It has been 60 years since The Lion, the Witch & the Wardrobe was published—the first of an eventual seven-book series released between 1950 and 1956. Enormously popular, the books have been translated into 47 languages and over 100 million have been sold. Countless readers have been captivated by the stories (including us; we named our first daughter Lucy) and they have spawned many dramatizations, comic books, films, biographies of the author. . . The Chronicles of Narnia are so well-known they hardly need introduction.
Lewis believed that the best stories for children do not talk down to them. As a result the books may be enjoyed by anyone of any age, though they are geared toward children about 8-12 years of age. Plenty of folks have delighted in reading them to their preschool children, and it's obvious that many adults still love the books as well. If you are reading them for the first time, we humbly offer the following suggestion: read them in the order they were originally published (they were renumbered in 1994). This order offers a better continuity of character development and more surprises as well. Lewis offered different advice later in life, but he didn't seem to think it that important. We recommend the following order:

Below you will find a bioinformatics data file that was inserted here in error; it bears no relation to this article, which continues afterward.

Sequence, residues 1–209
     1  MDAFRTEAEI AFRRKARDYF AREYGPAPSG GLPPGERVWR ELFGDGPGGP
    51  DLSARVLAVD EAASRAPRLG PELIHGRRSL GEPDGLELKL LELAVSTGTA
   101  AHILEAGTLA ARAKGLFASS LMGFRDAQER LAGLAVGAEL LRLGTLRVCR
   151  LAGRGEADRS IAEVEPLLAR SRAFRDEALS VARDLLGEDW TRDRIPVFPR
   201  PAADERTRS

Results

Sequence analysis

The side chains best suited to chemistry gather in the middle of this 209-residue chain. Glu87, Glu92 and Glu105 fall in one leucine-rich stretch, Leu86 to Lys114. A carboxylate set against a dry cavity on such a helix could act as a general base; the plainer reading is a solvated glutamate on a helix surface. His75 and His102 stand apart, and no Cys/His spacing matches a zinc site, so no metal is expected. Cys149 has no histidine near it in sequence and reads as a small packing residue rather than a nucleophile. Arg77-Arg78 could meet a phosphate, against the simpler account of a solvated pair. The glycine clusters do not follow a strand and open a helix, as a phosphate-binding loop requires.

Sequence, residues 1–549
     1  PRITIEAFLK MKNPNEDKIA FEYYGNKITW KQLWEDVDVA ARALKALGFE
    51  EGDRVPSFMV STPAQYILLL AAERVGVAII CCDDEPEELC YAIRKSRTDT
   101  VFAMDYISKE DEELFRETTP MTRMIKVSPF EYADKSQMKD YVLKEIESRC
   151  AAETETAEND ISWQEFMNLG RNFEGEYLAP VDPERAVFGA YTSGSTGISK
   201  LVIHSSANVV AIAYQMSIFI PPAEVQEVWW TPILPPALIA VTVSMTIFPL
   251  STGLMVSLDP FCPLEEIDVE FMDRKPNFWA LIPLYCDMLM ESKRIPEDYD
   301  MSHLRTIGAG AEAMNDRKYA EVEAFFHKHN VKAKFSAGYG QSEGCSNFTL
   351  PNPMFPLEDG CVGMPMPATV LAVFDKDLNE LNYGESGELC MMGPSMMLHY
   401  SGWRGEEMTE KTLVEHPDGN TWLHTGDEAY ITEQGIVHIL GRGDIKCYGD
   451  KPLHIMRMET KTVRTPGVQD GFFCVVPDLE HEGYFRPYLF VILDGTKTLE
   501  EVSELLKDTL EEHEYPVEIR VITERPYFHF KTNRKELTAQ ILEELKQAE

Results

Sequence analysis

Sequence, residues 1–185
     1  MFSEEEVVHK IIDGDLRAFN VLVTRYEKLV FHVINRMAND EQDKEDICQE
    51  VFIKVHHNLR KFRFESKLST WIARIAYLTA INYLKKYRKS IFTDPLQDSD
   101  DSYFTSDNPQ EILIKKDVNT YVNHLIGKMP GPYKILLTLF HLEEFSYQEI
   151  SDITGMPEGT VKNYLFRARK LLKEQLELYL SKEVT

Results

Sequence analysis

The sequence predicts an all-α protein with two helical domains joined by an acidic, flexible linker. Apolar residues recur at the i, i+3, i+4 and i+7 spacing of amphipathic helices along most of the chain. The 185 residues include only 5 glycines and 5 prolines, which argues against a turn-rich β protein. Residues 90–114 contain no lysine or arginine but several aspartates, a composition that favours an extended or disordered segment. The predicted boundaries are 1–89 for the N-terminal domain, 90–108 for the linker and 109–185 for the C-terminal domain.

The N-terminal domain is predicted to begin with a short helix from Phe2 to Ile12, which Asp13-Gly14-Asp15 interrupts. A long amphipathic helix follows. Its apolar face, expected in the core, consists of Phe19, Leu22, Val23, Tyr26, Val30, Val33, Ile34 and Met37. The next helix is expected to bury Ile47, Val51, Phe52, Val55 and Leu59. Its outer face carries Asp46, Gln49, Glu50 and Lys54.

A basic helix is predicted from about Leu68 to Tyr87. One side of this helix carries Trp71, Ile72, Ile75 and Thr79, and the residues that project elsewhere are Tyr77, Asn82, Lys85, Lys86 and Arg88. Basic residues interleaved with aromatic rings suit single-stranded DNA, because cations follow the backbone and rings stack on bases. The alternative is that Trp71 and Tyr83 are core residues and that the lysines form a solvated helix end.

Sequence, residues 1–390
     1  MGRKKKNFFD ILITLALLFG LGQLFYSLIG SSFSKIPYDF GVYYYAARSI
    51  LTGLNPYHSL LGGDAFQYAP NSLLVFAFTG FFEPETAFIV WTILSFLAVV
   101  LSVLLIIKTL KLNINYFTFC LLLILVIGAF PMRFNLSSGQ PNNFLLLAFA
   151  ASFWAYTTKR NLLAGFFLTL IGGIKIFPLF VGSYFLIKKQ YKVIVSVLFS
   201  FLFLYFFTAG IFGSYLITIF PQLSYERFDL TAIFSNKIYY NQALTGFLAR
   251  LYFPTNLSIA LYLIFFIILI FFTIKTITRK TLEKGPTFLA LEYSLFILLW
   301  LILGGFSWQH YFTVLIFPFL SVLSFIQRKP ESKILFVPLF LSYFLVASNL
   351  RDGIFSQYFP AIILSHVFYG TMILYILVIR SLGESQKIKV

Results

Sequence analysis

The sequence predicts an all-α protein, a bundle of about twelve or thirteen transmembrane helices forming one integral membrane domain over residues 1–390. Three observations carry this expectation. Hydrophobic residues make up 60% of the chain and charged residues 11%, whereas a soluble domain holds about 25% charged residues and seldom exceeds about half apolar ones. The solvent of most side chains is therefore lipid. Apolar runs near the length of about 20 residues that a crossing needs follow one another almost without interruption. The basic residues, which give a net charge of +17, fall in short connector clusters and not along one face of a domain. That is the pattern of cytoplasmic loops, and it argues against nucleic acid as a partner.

Narnia is not without critics. JRR Tolkien didn't care for the books, and it's easy to understand why secularists complain: the Christian themes of sacrifice, resurrection and redemption are nothing less than overt. What is perhaps more intriguing are evangelical complaints that Lewis promotes the occult in his writing. For the most part, we believe these well-meaning Christians miss the point of Narnia entirely. Recently, pastor Douglas Wilson has written a book called What I Learned in Narnia, in which he argues that Lewis clearly teaches such character atributes as respect for authority, nobility, and love of story. Beyond that, he shows how Lewis teaches true confession of sin, the importance of spiritual disciplines, an understanding of grace and (through a love of Aslan) a love of God. We think he gets it right.